The strips 20, 22 have ends 76, 78, respectively. There is a separation of the ends 76, 78 from the wall 42. Because of the separation, passageways are provided for air to pass to and from the chambers 28, 32 and the upper well 74.

A lower part 80 (FIG. 2) of the window 10 is narrowed and has a bend 81 to provide an increased space between the pane 14 and the wall 38.

An air-tight wall 82 (FIG. 1) is contiguously connected to the walls 40, 60. The wall 82 is connected to the wall 52. Similarly, an air tight wall 84 is contiguously connected to the walls 38, 62. The wall 84 is connected to the wall 52 and the pane 14 proximal to the bend 81.

The walls 36, 58, 82, 84 form a lower well 85 having a width equal to the width 42W, a length equal to a displacement between the walls 36, 58 and height 83H equal to a width of the walls 82, 84. Because of the narrowing of the window 10 in the lower part 80, the lower well 85 has an increased volume.

The strips 20, 22 have ends 86, 88, respectively. There is a separation of the ends 86, 88 from the wall 52. Because of the separation from the wall 52, passageways are provided between the lower well 85 and the chambers 30, 34.

It should be understood that the wells 74, 85, the panes 12, 14, and the chambers 28, 30, 32, 34 are an air-tight system. As explained hereinafter, an aqueous solution is moved within the system into and out of the space between the panes 12, 14 in response to heating of the chambers 28, 30, 32, 34.

A colored aqueous solution 90 is in the lower well 85. In response to the power source causing the heaters 30H, 34H, to heat the chambers 30, 34 , air therein is compressed, thereby forcing the solution 90 through the passageways between the ends 86, 88 and the wall 52 and through the slot 18 into the space between the panes 12, 14. Some of the solution 90 may flow through the slot 16 into the upper well 74 (FIG. 3).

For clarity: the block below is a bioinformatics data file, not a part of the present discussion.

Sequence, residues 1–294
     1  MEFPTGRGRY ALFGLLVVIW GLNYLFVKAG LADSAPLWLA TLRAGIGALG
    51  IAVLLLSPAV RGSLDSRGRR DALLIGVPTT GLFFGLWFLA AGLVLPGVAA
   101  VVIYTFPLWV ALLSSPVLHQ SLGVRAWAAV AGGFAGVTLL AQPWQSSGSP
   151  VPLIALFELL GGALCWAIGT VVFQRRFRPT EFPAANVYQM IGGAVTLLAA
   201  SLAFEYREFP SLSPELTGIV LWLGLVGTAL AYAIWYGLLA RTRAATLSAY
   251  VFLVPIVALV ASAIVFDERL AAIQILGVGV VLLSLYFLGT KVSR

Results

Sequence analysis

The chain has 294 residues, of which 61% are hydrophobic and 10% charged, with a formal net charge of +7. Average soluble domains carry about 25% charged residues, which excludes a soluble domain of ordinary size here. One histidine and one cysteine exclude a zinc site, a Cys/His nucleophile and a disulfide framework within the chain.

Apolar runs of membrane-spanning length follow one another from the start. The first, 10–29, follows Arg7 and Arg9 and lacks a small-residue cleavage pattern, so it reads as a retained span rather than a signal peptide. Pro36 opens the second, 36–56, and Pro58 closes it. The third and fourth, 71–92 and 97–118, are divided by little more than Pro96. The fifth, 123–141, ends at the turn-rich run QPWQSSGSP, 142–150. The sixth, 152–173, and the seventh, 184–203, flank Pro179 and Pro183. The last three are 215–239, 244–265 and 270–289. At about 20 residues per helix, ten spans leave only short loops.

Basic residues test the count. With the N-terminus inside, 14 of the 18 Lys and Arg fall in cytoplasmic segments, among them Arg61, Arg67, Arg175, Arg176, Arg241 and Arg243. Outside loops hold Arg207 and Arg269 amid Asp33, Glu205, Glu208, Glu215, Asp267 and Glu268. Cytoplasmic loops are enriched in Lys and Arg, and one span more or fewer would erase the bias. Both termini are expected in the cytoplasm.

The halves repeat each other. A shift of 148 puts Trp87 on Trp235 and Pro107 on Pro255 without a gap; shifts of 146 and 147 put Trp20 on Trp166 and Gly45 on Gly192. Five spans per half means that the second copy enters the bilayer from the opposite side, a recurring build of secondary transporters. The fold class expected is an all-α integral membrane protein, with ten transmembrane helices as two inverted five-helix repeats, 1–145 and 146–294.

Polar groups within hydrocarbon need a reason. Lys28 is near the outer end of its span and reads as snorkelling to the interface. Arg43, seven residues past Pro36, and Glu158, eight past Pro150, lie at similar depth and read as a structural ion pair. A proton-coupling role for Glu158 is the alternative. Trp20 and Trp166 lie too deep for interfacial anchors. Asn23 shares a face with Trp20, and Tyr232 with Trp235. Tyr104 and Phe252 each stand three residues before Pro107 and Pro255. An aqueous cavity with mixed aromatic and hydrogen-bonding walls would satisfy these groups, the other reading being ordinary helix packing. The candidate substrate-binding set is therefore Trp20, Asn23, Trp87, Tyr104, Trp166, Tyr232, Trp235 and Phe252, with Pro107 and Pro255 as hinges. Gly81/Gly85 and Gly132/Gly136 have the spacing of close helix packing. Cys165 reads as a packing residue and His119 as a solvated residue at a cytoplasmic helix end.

Because the solution 90 is colored, the window 10 is tinted when the solution 90 is within the space between the panes 12, 14. Preferably, the electrical power source is controllable to cause the solution 90 to remain within the space between the panes 12, 14.

FIG. 3 is a showing of the solution 90 in the upper well 74 and within the space between the panes 12, 14. When it is desired to have the tinting of the window 10 removed, the power source causes the heaters 28H, 32H to heat the chambers 30, 34 and compress the air therein. Compressed air from the chambers 30, 34 flows through the passageways formed by the ends 76, 78 and the wall 42 into the upper well 74 and forces the solution 90 through the slot 16, through the space between the panes 12, 14 and through the slot 18 into the lower well 85.

While the invention has been shown and described with reference to a preferred embodiment thereof, it should be understood by those skilled in the art that changes in form and detail may be made therein without departing from the spirit and scope of the invention.

Patent Citations
Cited PatentFiling datePublication dateApplicantTitle
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Referenced by
Citing PatentFiling datePublication dateApplicantTitle
US8102586Jul 23, 2007Jan 24, 2012Kuwait UniversityElectronic window shading system for houses, transport vehicles and the like
US8341894 *Aug 21, 2009Jan 1, 2013Universidad Politecnica De MadridActive transparent or translucent enclosures with energy control capacity
Classifications
U.S. Classification52/171.3, 359/272, 359/361, 359/601
International ClassificationE06B7/28, B60J1/00, E06B9/24
Cooperative ClassificationE06B2009/2411, E06B9/24, E06B7/28, B60J1/001
European ClassificationB60J1/00B, E06B9/24, E06B7/28
Legal Events
DateCodeEventDescription
Nov 4, 2008FPExpired due to failure to pay maintenance fee
Effective date: 20080914
Sep 14, 2008LAPSLapse for failure to pay maintenance fees
Mar 24, 2008REMIMaintenance fee reminder mailed